UN: Multiple Turkish-backed groups in Syria committing sexual assault
ERBIL (Kurdistan 24) - The United Nations Commission of Inquiry on Syria said in a report on Tuesday that, in multiple known cases, Turkish-backed armed groups have subjected women, girls, men, and boys to sexual and gender-based violence in Syrian areas occupied by Turkey.
Among the various instances documented include cases of at least 30 women who were reportedly raped in February alone.
“Since 2019, Kurdish women throughout the Afrin and Ra’s al-Ayn regions have faced acts of intimidation by (Turkish-backed) Syrian National Army (SNA) brigade members, engendering a pervasive climate of fear which in effect confined them to their homes,” the report stated.
“Women and girls have also been detained by Syrian National Army fighters, and subjected to rape and sexual violence – causing severe physical and psychological harm at the individual level, as well as at the community level, owing to stigma and cultural norms related to ideations of ‘female honour.’”
The UN report also documented cases of sexual violence against women and men at one detention facility in Afrin.
“On two occasions, in an apparent effort to humiliate, extract confessions and instill fear within male detainees, Syrian National Army Military Police officers forced male detainees to witness the rape of a minor. On the first day, the minor was threatened with being raped in front of the men, but the rape did not proceed. The following day, the same minor was gang-raped, as the male detainees were beaten and forced to watch in an act that amounts to torture,” the report said.
One eyewitness recalled to UN investigators that Turkish officials had been present in the facility on the first day, when a rape was aborted, suggesting that their presence may have acted as a deterrent. Another detainee was gang-raped in the same facility some weeks after this incident.
Moreover, these crimes were not only limited to the Kurdish majority-region of Afrin occupied by Turkey since March 2018, but also the Arab-majority town of Tal Abyad and the mixed town of Ras al-Ain (inhabited by Kurds, Arabs, and a minority of Christians) that were occupied during Turkey’s so-called Peace Spring Operation in October 2019.
“The Commission received further information that families from Tall Abyad chose not to return to their homes, fearing rape and sexual violence perpetrated by Syrian National Army members,” the report said.
Moreover, the UN Commission also documented cases of forced marriage and the abduction of Kurdish women in Afrin and Ras al-Ain, which primarily involved members of Division 24, known as the Sultan Murad Brigade. In January, a woman was abducted by a member of the brigade who forcibly married her and then divorced her shortly thereafter.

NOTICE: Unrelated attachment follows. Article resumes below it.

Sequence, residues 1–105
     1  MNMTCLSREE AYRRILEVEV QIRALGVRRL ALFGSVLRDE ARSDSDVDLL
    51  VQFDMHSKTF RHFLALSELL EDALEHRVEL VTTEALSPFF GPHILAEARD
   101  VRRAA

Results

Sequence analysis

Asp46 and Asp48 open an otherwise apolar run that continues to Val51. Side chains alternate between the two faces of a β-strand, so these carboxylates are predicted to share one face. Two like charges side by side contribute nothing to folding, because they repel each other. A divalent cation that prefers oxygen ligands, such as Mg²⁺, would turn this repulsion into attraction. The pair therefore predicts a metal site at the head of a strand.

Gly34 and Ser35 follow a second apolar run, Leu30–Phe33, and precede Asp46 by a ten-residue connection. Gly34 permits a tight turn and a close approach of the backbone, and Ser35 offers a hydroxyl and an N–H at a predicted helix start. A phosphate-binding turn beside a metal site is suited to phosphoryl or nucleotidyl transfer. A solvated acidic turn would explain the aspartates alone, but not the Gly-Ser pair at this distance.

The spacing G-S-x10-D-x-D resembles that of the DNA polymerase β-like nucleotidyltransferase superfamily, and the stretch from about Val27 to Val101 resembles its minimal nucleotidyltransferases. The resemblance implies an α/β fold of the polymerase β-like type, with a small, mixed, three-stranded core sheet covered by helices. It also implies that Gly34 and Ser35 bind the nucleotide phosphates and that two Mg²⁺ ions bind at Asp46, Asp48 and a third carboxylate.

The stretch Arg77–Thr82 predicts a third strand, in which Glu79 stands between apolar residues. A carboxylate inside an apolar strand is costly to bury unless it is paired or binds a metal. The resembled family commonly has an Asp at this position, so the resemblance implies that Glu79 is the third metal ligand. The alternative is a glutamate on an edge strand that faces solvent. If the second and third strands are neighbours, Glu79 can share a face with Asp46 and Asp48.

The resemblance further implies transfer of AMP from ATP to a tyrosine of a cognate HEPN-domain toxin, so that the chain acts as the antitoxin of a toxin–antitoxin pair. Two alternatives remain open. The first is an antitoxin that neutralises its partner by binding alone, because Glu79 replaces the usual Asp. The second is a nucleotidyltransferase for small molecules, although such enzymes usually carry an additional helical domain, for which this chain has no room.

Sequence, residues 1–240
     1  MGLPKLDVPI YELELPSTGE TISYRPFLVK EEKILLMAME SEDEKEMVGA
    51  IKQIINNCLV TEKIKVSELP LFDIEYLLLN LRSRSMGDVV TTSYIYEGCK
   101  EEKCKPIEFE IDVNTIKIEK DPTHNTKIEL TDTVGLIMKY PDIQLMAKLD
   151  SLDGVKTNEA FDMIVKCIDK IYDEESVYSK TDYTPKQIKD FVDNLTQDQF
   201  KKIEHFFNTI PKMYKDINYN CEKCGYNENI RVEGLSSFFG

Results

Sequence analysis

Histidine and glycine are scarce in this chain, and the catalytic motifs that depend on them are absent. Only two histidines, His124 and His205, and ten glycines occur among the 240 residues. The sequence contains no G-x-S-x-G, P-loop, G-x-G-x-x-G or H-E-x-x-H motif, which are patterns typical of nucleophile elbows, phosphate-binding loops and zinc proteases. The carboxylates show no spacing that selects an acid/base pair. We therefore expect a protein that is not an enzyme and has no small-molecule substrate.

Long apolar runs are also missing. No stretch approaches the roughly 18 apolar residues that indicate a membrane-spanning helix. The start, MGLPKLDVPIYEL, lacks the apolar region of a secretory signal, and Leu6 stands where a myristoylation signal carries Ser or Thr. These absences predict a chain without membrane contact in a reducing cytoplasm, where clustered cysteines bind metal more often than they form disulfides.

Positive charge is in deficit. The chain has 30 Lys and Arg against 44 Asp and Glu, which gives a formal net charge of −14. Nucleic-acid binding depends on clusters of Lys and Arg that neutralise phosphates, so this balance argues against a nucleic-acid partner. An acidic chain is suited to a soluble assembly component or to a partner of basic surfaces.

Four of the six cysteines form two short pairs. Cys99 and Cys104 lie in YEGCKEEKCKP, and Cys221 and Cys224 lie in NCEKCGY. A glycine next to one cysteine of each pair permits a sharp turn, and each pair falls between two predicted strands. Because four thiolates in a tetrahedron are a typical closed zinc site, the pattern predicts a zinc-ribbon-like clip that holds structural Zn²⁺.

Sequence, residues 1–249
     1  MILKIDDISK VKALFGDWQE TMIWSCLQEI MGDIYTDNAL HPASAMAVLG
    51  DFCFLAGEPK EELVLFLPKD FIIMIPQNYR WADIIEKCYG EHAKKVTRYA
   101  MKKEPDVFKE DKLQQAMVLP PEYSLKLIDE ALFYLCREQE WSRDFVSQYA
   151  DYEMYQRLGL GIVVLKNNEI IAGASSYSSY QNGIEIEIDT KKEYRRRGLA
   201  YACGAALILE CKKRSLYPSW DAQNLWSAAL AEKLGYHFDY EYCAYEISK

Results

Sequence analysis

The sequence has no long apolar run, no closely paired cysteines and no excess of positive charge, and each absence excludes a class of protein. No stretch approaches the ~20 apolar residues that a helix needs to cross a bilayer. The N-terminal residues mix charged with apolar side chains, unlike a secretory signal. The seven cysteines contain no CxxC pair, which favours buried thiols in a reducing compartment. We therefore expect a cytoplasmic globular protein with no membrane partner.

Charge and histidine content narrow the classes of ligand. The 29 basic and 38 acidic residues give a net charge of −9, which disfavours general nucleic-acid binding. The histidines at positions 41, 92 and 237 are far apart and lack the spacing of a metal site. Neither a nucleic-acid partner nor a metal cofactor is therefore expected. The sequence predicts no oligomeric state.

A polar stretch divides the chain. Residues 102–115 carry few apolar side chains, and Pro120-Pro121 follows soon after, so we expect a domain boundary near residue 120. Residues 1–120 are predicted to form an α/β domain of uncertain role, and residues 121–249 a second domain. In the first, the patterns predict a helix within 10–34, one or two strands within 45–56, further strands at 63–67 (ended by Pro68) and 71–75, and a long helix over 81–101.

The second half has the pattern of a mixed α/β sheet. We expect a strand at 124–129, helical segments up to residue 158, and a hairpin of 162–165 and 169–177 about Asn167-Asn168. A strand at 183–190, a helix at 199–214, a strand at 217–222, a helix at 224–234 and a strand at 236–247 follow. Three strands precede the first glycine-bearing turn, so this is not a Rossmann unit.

The UN commission said that it is currently investigating reports that at least 49 Kurdish and Yezidi women were detained in both Ras al-Ain and Afrin by Turkish-backed groups between November 2019 and July 2020. In one case, a Yezidi woman said she was urged to convert to Islam during an interrogation.
The report indicates that Syrian nationals, including women, who were detained by Turkish-backed groups were transferred to Turkey and sentenced under Turkish criminal law for alleged crimes committed in Syria.
In addition to gender-based violence, the commission said it corroborated repeated patterns of systematic looting and property appropriation by Turkish-backed groups as well as widespread arbitrary deprivation of liberty perpetrated by various Turkish-backed groups.
After civilian property was looted, Turkish-backed groups and their families “occupied houses after civilians had fled, or ultimately coerced residents, primarily of Kurdish origin, to flee their homes, through threats, extortion, murder, abduction, torture and detention.”
One Afrin resident who failed to show ownership of a house was forced to appear at a Turkish-backed group’s security office, and was verbally abused and threatened with detention. He was told by a Turkish-backed fighter “if it were up to me, I would kill every Kurd from one to 80 years old.”
Fearing for his family’s safety, the man fled shortly thereafter.
So far, Turkish-backed groups continue to carry out human right violations with impunity. The report notes that one fighter involved in the extrajudicial killing of female Kurdish politician Hevrin Khalaf in October 2019 was jailed. However, it seems in general most crimes go unpunished and only apparent US pressure pushed the Turkish-backed opposition to sentence the fighter.
For example, a former judge in Afrin confirmed to the UN commission that Turkish-backed fighters had been charged with rape and sexual violence carried out during house raids in the region. None, however, had been convicted, but instead had been released after a few days.
The Syrian Democratic Council (SDC) Representative to the United States Sinam Mohamed told Kurdistan 24 that she is “devastated, but not surprised, at the recent evidence presented by the United Nations Commission of Inquiry on Syria “that members of Turkish-backed SNA groups in Efrîn, Sere Kaniye and Tel Abyad have committed serious war crimes including hostage-taking, rape, and torture.”
“We once again demand that all civilians kidnapped by Turkish-backed groups be released, that perpetrators of these atrocities be held accountable, and that Turkey and its proxy forces withdraw from the occupied areas.”
The UN called on upon all parties to “immediately cease sexual and gender-based violence against women, girls, men and boys, and take urgent measures to discipline or dismiss individuals under their command responsible for such acts.”
Editing by John J. Catherine